East City Artnotes: Fluid Dynamics at Takoma Park Community Center

By Claudia Rousseau, Ph.D. on June 19, 2018
Jacqui Crocetta, Leap, Installation in atrium, Takoma Park Community Center, 2018. Part of the exhibit Fluid Dynamics. Works by Clare Winslow on the walls. Photo by Claudia Rousseau for East City Art.

There’s still time to catch an exhibit at the Takoma Park Community Center in downtown Takoma Park, Maryland.  There are four artists exhibiting in this show, Jacqui Crocetta, Brendan L. Smith, Clare Winslow and Farhad Heidarian.  It’s something of a mixed bag, but the work of Crocetta and Winslow has a certain harmony, although Smith’s pieces visually stand completely apart.  One might imagine that the title of the show, Fluid Dynamics, was meant for Crocetta’s work, which positively stands out among the four.

Jacqui Crocetta, Leap: Connect, with Flow and Protect. Photo by Ulf Wallin.

Her new works in this series, titled Leap, are practically like kites, made for the air.  Inspired by the space for which they were made, they float like clouds above the oddly shaped atrium at the Center, suspended from wires above.  As the artist explains, each construction is a three-dimensional materialization of sketches she made while thinking of how to visually imagine aspects of the creative process.  As expressions of the stages of the creative process, each work within the group has its own title and meaning.  Beginning with Cultivate: the gathering of knowledge and ideas, inspiration, experiences they move through Persist, Perspective, Flow, Connect, Insight and lastly Protect: the vulnerability of sharing your creations with the world. 

Jacqui Crocetta, Leap: Persist (center), Cultivate (left), Insight (right), Connect (behind Insight).

Using a white translucent fabric on wire armatures, Crocetta intended that her sketches be “transformed into drawings in space;” not only three-dimensional, but kinetic as well.   The lines of the sketches have become the wires that the artist has hand sewn—with hundreds of stitches, over hundreds of hours—with a translucent thread that must have been a challenge to control.  Crocetta was inspired by a traditional Korean wrapping cloth construction called bojagi.  In the spirit of this traditional craft made of sewn together patches and specially prepared fabric, Crocetta’s work was a meditation of protracted duration.  It led her to contemplate how the example of her mother who taught her to sew, and her paternal grandfather, and Italian immigrant shoemaker, were significant inspirations to her work as an artist.  Interestingly, the painfully slow process she employed for this installation produced works that seem to connote freedom and lightness, even of flying, which the artist—and probably all of us—have dreamed about as children.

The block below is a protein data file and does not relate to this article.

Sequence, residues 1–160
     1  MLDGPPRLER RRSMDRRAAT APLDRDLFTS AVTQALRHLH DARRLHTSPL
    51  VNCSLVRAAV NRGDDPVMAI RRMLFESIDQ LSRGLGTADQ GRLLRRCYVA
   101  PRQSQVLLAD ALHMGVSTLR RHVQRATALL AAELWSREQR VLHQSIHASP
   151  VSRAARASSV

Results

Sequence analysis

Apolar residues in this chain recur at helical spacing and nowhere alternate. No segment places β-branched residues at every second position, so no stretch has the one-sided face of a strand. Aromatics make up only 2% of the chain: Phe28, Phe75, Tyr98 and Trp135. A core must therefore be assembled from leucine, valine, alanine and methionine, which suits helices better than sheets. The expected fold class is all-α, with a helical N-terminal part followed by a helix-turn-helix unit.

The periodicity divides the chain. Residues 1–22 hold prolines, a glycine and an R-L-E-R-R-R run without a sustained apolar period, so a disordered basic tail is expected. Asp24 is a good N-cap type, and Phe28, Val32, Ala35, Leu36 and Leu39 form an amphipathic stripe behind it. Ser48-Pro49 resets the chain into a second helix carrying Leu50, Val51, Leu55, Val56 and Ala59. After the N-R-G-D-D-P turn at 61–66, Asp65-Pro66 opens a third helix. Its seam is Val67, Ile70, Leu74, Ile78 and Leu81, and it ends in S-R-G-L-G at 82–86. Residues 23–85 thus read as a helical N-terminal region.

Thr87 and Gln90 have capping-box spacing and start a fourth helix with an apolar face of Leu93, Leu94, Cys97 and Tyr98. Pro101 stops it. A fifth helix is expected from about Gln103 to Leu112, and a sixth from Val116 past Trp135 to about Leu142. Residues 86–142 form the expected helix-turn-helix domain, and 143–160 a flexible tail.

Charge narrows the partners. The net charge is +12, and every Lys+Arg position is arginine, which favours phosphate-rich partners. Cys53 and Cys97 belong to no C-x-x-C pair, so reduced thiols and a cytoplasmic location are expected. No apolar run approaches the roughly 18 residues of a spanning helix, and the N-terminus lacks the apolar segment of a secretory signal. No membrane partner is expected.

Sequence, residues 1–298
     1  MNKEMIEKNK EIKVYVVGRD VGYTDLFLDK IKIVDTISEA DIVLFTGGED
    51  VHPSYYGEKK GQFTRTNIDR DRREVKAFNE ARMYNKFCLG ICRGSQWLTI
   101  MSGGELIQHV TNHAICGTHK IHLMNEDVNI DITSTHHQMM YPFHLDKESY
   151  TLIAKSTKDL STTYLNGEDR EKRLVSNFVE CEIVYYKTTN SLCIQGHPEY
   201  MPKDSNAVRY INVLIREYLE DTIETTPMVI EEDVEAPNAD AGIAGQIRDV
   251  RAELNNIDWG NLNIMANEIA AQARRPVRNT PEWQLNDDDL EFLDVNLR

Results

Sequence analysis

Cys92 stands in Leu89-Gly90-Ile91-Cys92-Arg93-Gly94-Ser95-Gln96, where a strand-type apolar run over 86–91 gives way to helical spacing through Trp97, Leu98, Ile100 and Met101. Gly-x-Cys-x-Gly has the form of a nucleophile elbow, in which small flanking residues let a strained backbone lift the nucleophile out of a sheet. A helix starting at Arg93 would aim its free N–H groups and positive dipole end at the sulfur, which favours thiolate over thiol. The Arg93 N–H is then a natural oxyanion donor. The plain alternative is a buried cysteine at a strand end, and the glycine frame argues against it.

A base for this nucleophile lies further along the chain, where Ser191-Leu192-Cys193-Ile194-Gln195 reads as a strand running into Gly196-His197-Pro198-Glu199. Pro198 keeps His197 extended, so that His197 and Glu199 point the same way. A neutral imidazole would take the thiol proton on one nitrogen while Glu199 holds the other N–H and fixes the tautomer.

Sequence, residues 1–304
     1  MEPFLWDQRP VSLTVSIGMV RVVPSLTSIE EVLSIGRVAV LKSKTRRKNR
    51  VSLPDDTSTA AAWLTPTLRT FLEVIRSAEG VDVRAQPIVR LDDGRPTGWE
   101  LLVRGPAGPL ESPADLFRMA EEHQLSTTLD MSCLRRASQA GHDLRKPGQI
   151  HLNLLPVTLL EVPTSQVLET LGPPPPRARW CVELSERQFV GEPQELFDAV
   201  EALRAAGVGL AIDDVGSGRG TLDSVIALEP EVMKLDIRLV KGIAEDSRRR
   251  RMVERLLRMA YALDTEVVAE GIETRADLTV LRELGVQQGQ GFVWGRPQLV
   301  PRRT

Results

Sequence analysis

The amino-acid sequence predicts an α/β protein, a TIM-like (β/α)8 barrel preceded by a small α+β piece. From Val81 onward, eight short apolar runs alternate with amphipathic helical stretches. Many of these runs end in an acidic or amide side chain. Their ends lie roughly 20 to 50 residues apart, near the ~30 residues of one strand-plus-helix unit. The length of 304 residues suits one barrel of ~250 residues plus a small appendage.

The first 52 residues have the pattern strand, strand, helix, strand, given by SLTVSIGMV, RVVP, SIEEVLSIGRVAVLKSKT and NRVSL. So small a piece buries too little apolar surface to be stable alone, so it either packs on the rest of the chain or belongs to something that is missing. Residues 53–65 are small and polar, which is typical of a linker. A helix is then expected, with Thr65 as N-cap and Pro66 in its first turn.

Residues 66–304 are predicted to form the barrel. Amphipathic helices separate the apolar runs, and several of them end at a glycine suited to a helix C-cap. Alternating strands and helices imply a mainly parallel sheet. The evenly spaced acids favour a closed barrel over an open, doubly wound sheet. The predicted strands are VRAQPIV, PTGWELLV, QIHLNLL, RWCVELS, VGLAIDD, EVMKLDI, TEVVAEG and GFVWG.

Brendan L. Smith, Seen Not Heard, 2016 (in Fluid Dynamics). Photo: artist.

The works by Brendan L. Smith (currently Arts and Humanities Coordinator of the Center) also refer to the past and the transformation of things and people over time in a completely different aesthetic.  His Melted Vinyl series is fascinating with its odd assemblages of materials as different as plastic, discarded electronics, toys, comics and antique photographs.  Spread over a downstairs area in various vitrines, each group appears to address a thematic idea and employ different materials in their melted vinyl frames.   I especially liked the contrast of the electronic elements and the old family photos which lure the viewer to contemplate our relation to their time in contrast to ours.

Fluid Dynamics, through July 8, 2018 at the Takoma Park Community Center, 7500 Maple Avenue, Takoma Park, MD 20912.  Hours: Monday-Thursday 8:30 AM – 9:30 PM; Friday 8:30 AM-10 PM; Saturday 10 AM – 6 PM; Sunday 12-6 PM.  301-891-7100